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Wednesday, February 27, 2013

The Unintended Consequences of Fuel Efficiency

Social scientists often refer to unintended consequences, which are outcomes that are not the ones intended by a particular action (e.g., social policy, congressional legislation). The idea has been around for a long time, but it was formally named and popularized by the American sociologist Robert K. Merton. According to Wikipedia, unintended consequences can be grouped into three broad categories:
  1. A positive, unexpected benefit (usually referred to as luck, serendipity or a windfall)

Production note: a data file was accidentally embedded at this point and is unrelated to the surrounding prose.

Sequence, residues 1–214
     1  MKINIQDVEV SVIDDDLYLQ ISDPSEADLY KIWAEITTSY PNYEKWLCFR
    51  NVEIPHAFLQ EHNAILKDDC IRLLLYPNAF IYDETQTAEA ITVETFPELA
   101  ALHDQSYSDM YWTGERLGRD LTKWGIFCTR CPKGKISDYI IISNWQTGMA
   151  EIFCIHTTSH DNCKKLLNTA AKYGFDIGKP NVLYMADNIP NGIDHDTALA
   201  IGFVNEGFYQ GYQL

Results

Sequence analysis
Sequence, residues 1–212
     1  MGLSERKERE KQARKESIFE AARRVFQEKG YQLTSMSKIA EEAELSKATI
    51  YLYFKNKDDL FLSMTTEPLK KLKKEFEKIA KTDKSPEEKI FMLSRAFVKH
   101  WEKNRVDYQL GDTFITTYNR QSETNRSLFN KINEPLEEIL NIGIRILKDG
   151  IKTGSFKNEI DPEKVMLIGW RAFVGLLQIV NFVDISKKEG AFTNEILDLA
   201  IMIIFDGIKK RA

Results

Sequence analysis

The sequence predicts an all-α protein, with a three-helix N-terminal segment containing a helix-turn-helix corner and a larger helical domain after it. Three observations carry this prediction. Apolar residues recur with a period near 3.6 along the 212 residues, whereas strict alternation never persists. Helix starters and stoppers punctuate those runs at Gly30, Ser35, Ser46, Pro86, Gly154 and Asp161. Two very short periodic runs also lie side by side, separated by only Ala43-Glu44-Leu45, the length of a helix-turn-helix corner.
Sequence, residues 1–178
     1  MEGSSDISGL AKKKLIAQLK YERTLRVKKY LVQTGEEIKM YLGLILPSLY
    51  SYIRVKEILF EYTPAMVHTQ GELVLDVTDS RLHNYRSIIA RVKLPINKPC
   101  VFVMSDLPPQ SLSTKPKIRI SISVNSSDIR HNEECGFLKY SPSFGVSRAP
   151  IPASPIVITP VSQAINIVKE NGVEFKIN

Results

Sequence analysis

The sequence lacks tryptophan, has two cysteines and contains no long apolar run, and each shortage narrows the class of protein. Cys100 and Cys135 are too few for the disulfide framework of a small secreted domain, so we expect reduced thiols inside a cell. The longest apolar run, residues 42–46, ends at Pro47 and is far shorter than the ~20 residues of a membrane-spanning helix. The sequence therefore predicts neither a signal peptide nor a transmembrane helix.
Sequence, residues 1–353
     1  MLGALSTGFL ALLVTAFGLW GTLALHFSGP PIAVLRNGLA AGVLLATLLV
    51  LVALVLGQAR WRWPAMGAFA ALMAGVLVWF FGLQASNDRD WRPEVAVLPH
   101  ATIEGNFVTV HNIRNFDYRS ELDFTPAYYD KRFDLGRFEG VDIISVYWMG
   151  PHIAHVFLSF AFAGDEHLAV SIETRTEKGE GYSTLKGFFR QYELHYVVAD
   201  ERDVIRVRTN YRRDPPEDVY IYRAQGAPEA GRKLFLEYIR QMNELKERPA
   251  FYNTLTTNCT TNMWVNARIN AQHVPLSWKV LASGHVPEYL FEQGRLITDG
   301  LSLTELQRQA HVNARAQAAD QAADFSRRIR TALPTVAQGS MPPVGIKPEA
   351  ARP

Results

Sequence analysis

2. A negative, unexpected detriment occurring in addition to the desired effect of the policy (e.g., while irrigation schemes provide people with water for agriculture, they can increase waterborne diseases that have devastating health effects, such as schistosomiasis)
  3. A perverse effect contrary to what was originally intended (when an intended solution makes a problem worse)
A recent Freakonomics podcast considered one of the unintended consequences of fuel efficiency ("The Downside of More Miles Per Gallon"). In particular, it notes that because the Federal gas tax is the primary source of funding for road repair, the available funds has been falling and probably will continue to fall as cars get even more efficient. What's more, because the tax is a fixed amount (18.4 cents per gallon) rather than a percentage, gas-tax revenues don’t rise even when gas prices do. Thus, we are facing a future where keeping our roads in good working condition will be harder and harder under the current tax scheme.

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